New Mexico Wildfire Nears 50% Containment As Weather Shifts

Carson Hot Shots Henry Hornberger, left, and Tyler Freeman cut up a hollow tree that was burning on the inside, Monday May 23, 2022, as they and their co-workers work on hot spots from the Calf Canyon/Hermits Peak Fire in the Carson National Forest west of Chacon, N.M. Crews in northern New Mexico have cut and cleared containment lines around nearly half of the perimeter of the nation’s largest active wildfire while bracing for a return of weather conditions that might fan flames and send embers aloft. (Eddie Moore/The Albuquerque Journal via AP)
Carson Hot Shots Henry Hornberger, left, and Tyler Freeman cut up a hollow tree that was burning on the inside, Monday May 23, 2022, as they and their co-workers work on hot spots from the Calf Canyon/Hermits Peak Fire in the Carson National Forest west of Chacon, N.M. Crews in northern New Mexico have cut and cleared containment lines around nearly half of the perimeter of the nation’s largest active wildfire while bracing for a return of weather conditions that might fan flames and send embers aloft. (Eddie Moore/The Albuquerque Journal via AP)
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SANTA FE, N.M. (AP) — Crews in northern New Mexico have cleared and cut containment lines around nearly half of the perimeter of the nation's largest active wildfire while bracing for a return of weather conditions that might fan flames and send embers aloft, officials said Thursday.

The 7-week-old fire east of Santa Fe was boxed in around 46% of its 635-mile (1,022-kilometer) perimeter, enclosing an area larger than Oklahoma City.

Recent weather that included lighter winds, cloud cover and light rain and snow in some areas helped firefighters’ effort to surround the fire and slow its growth. But forecasts for Friday and through the holiday weekend call for higher temperatures, less humidity and stronger winds.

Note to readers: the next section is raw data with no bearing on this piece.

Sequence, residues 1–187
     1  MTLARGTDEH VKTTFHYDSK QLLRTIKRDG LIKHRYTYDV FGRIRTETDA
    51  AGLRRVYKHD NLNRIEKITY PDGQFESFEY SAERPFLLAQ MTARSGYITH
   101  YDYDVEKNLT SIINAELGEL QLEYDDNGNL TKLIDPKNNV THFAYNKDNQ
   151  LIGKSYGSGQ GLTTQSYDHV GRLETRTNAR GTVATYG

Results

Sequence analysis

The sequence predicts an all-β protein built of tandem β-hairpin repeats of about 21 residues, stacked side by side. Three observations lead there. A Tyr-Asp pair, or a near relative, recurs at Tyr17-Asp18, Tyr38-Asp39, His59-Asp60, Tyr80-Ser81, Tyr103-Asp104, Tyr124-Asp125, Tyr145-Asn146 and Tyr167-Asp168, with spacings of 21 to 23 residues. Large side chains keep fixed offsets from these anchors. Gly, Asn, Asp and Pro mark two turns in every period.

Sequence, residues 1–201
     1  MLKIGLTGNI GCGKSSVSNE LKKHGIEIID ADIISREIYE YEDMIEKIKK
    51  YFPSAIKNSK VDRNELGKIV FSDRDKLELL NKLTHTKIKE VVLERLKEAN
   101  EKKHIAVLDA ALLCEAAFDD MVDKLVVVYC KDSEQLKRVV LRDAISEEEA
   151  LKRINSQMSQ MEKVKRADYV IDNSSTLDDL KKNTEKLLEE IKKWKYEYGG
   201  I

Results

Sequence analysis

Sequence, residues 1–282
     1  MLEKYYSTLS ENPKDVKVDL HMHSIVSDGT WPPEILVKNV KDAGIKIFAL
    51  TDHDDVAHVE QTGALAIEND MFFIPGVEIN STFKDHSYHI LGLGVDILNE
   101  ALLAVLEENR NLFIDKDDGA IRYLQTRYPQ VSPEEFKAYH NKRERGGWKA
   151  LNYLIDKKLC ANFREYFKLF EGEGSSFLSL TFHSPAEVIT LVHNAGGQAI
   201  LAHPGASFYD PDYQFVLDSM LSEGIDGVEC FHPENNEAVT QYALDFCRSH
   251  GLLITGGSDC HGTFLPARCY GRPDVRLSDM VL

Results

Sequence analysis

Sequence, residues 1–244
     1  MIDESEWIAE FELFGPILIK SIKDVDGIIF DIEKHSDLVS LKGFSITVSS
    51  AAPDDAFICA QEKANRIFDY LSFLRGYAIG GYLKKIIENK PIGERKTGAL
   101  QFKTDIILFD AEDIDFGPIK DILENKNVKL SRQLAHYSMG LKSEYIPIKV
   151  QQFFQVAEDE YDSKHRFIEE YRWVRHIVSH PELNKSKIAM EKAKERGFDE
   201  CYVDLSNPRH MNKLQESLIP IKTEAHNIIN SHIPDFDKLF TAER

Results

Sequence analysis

The National Weather Service issued fire weather watches for the region on Saturday.

Fire behavior analyst Stewart Turner said at a briefing Thursday night he doesn't expect “any big growth” in the blaze on Friday, but that could change because “we are extremely dry.”

Saturday "should be a big fire day ... as well as Sunday and Monday, and probably Tuesday,” he said. “Stay tuned and see how those days start shaping up, but they're not looking all that good for fire weather.”

Crews continued to battle a handful of other large fires in New Mexico and Arizona in areas of forest, brush and grass in a region that many fire managers have described as “ripe and ready to burn” due to a megadrought that has spanned decades and warm and windy conditions brought on by climate change.

Jayson Coil, an operations section chief, said crews were clearing containment lines and retracing their steps in some areas to strengthen lines already in place.

The expected high winds could ground aircraft that have supported ground crews and bulldozer operators by dropping water on hot spots, Coil said Thursday.

“Everything we’re doing right now is to make sure we’re prepared for the potential of high winds and the limitations that those brings, along with the potential for large fire growth,” Coil said.